The Rensselaer team includes Sydney Crump, Carl Liebfried, and Kyle Weichold. The Denmark team is comprised of Trine Duelund, Jakob Parslov, Jeanne Lonstrup, and Laerke Holstebroe. The team known as OroClean is proposing to eliminate up to 30 percent of the world’s mercury pollution by creating an innovative and effective mining method for artisanal miners.
“Of all the environmental problems we face today, one of the most important is mercury pollution; it travels the atmosphere, gets into the food chain, and is the most toxic non-radioactive material that exists,” said Crump, a senior majoring in management.
“One third of all mercury pollution comes from artisanal small-scale gold mining in rural areas such as South America, Africa, and Asia,” said Liebfreid, a junior majoring in mechanical engineering. “More than 15 million gold miners use mercury to extract gold from river silt, and then evaporate it into the air over an open flame.”
Defining problems that most people don’t even know exist. Inventing and patenting solutions. That’s what up to 20 seniors do each semester in Inventor’s Studio, a course developed by Burt Swersey a lecturer in the department of mechanical, aerospace, and nuclear engineering and a member of the Product Design and Innovation facultyto prepare students to design products and develop technologies for the 21st century.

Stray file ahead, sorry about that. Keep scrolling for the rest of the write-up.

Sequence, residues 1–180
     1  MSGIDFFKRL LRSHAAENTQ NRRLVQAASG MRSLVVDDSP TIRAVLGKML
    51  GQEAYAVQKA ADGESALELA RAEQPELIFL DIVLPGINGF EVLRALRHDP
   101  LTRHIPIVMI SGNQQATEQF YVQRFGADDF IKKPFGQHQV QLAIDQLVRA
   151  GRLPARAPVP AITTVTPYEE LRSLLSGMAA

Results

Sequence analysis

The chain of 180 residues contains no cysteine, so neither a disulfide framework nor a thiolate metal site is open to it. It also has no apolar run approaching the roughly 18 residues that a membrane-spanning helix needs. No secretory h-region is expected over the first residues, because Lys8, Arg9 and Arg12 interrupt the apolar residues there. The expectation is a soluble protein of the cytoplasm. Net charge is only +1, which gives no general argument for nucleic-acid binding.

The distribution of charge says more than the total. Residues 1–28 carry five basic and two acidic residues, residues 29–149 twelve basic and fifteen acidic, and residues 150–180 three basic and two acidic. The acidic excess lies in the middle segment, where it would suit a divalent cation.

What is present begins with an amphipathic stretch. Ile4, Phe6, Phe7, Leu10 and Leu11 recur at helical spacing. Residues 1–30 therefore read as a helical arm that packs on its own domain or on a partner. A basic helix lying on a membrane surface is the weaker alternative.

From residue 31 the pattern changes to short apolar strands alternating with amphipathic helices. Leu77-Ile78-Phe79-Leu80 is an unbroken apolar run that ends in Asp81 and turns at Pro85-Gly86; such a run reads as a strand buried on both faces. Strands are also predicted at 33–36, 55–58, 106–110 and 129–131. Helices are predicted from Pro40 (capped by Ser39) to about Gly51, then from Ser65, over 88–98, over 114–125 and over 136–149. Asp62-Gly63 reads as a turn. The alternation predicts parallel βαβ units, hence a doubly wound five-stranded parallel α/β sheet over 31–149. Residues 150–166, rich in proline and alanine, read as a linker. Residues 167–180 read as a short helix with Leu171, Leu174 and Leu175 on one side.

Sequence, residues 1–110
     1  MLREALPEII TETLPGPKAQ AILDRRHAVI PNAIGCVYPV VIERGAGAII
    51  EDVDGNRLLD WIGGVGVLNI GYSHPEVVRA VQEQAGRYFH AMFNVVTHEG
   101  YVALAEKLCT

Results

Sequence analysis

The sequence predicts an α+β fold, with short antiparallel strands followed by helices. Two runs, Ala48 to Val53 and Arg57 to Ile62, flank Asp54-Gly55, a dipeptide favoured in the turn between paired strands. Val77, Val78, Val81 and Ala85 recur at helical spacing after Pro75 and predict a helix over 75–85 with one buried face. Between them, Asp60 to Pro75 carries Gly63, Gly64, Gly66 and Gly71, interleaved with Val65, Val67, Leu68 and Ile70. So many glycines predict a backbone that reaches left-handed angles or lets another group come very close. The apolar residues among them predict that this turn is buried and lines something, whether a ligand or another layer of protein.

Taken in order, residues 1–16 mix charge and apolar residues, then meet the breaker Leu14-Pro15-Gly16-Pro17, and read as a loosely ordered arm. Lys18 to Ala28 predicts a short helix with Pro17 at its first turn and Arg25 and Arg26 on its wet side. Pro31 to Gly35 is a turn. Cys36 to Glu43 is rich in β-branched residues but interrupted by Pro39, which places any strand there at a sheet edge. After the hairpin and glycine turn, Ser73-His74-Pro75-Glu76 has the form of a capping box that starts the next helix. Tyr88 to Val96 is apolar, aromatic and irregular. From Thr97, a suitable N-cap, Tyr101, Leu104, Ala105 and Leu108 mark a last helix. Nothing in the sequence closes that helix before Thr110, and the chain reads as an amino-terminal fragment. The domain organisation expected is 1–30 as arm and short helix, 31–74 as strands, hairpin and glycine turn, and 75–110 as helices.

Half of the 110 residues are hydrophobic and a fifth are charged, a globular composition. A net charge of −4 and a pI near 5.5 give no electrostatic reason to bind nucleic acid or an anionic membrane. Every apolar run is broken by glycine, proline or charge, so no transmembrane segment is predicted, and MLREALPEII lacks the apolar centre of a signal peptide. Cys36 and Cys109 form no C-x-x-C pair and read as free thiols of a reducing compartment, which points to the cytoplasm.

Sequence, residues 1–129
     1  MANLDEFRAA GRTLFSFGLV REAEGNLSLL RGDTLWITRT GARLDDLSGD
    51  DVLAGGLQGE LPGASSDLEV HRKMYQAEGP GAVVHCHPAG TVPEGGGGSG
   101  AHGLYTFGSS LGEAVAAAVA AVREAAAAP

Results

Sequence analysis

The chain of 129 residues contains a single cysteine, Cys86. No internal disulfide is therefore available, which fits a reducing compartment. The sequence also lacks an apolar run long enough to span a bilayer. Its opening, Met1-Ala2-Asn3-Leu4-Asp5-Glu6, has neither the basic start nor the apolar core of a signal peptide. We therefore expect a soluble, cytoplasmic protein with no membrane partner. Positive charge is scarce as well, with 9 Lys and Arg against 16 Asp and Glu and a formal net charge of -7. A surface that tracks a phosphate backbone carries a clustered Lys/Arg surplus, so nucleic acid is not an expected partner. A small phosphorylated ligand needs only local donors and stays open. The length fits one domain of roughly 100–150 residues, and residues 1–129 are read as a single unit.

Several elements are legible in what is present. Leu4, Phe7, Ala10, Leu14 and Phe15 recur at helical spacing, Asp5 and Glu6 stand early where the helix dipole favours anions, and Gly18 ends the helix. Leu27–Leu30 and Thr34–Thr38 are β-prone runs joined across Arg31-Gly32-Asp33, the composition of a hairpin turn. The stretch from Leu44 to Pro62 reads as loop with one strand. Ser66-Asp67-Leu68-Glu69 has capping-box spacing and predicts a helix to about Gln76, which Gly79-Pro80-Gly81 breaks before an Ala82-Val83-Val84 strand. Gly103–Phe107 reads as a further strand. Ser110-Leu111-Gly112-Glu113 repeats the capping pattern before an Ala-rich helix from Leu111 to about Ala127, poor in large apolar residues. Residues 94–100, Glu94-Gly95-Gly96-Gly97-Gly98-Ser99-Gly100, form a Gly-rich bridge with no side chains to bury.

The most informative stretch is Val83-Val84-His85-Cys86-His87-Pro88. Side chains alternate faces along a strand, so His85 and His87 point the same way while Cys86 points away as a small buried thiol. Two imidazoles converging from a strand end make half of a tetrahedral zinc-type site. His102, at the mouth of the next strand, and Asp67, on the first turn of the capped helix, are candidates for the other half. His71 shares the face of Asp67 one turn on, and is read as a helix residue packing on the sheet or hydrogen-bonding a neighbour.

In 2006, the project had some early-stage funding support from the National Collegiate Inventors and Innovators Alliance. Since the patent filed by a prior Rensselaer team had expired on centrifuge gold mining, last semester the two teams decided to begin working on the project together, while the DTU students were spending a semester at Rensselaer as part of the REACH program.
“OroClean may be a viable solution,” said Trine Duelund, a DTU graduate student majoring in civil engineering and design and innovation. “The core of our solution is a small-scale, hand-powered centrifuge that builds on proven technology for separating gold from silt. We hope to take advantage of the opportunity to create a product which not only can increase the income of rural miners, but also correct the plague that is mercury pollution.”
Established in 2006, the RGK Center for Philanthropy and Community Service in the Lyndon B. Johnson School of Public Affairs at the University of Texas introduced the competition as a way to engage students in social entrepreneurship, encouraging the next generation of leaders to dream up solutions to today’s most pressing issues. Following the semifinal round, three teams will be invited to Austin, Texas, to present their proposal to a panel of judges for the chance to win the grand prize of $50,000 to turn their ideas into a new business or nonprofit with a mission to change lives for the better.
Along with students, citizens worldwide are invited to comment on, vote for, and discuss the ideas in the online community forum. The public’s preferences help select the grand prize winner.
For more information and to vote for the OroClean team, visit www.dellsocialinnovationcompetition.com/.
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